“Scaffolding”: The Poetic Metaphor of Learning

By Mariana Acosta

I was blessed to come across the world of British and American literature during my BA in ELT, many years ago. Walt Whitman’s “Leaves of Grass” and George Elliot’s “The Mill on the Floss” left a never-ending impression on my young, romantic teacher trainee’s mind! However, one work of literature that really moved me was “Scaffolding” the poem by the great Seamus Heaney (1939 -2013).

If you are not familiar with it, or if you want to revisit it again, it goes like this:
“Masons, when they start upon a building,
 Are careful to test out the scaffolding;

Make sure that planks won’t slip at busy points,
Secure all ladders, tighten bolted joints. And yet all this comes down when the job’s done
Showing off walls of sure and solid stone. So if, my dear, there sometimes seem to be
 Old bridges breaking between you and me Never fear. We may let scaffolds fall
Confident that we have built our wall.”

I must confess that I’ve always cherished this poem in the romantic sense.

However, as the years have passed and I’ve become an older and wiser woman/teacher, I can see how “scaffolding” has accompanied all my teaching life.

“Scaffolding” is what we do, throughout all our teaching. We provide the solid structure, in which via constant interaction, students can build their wall of knowledge. Once, the foundations are solid, learners will have their solid wall and so other structures/levels of learning will form part of their new “scaffolding”. True, we might only be part of a learner’s scaffolding, and this will depend on who and what we teach, but scaffolding students is never-ending and what an amazing task that is!

Foley (1994, p.101) revisits Applebee and Langer’s (1983) notion of instructional scaffolding and highlights how a learner’s gradual language learning is assisted, encouraged and supported by “a more skilled language user who models the language task to be used”. Indeed, masons (teachers) at work, make sure the planks and joints are secure, provide and facilitate the endless co-construction of knowledge between teacher-learners.

Although Seamus Heaney and his truly inspired “Scaffolding” poem, never intended to give TESOL teachers a metaphor for learning, he certainly did! Scaffolding not only plays an important role in romantic relationships, but also in educative ones. It is by the shared and mutual trust of co-constructing knowledge in the teaching-learning process, that teachers can facilitate and learners can learn!
It is when knowledge has built a solid wall, that scaffolds may fall!

I would like to pay special attention to the last part of the poem, where it reads:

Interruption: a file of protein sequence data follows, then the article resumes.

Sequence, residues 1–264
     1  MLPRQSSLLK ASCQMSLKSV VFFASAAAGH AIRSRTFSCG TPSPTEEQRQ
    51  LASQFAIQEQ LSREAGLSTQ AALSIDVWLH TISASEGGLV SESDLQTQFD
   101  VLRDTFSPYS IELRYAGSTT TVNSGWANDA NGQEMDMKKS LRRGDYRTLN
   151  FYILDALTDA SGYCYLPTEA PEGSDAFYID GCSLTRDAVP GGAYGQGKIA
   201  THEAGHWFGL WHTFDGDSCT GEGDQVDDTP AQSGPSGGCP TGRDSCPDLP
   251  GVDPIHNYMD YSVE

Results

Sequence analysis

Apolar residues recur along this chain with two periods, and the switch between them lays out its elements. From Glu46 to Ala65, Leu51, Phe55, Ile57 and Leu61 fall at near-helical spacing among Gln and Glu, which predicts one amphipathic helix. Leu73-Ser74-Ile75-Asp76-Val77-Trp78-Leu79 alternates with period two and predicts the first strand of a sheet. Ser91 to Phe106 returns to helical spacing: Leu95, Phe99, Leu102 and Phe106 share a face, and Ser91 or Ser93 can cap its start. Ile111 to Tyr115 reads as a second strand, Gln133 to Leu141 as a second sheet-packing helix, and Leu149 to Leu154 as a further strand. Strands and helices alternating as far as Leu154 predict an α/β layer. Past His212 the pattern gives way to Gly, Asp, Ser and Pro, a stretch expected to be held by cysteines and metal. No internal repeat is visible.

“So if, my dear, there sometimes seem to be
Old bridges breaking between you and me
Never fear. We may let scaffolds fall
 Confident that we have built our wall.”

As my job mainly involves EAP teaching on intensive, short courses, I have, so to speak, limited time to scaffold my students. My journey with them is rather short. I am under pressure to scaffold their learning as effectively as possible in a short, fixed amount of time. However, after the intensive, hard-working weeks shared together, I get to see the finished wall and the scaffolds fall.

Those students, who shyly ventured a few words on the first days, have acquired a new sense of independence and speaking self-confidence. Those, who struggled with essay writing, can present a more polished version for summative exams in the end.

The examples are endless, as are the amount of new faces that I meet every year.
Can we ever be sure, our scaffolding is the best it can be? Is achieving targets at the end of the course, proof enough? I like to think that receiving that warm smile, or even embrace, at the end of course, shows that learners enjoyed the course and by the same token, learned something new. They are certainly different people after completing the course.

They have a new understanding about language, they have different, enhanced tools to use new language that was not there before. Their knowledge wall is now solid, and new knowledge (their respective career subjects) must take over, with again new scaffolding from a different teacher and expert.
Let’s hope, as TESOL teachers, our scaffolding can only get better so it can benefit even more learners in the future!

References:

Foley, J. 1994. Key concepts in ELT: Scaffolding. ELT Journal. 48(1), 101-102.
Heaney, S. (1939-201) “Scaffolding” poem.

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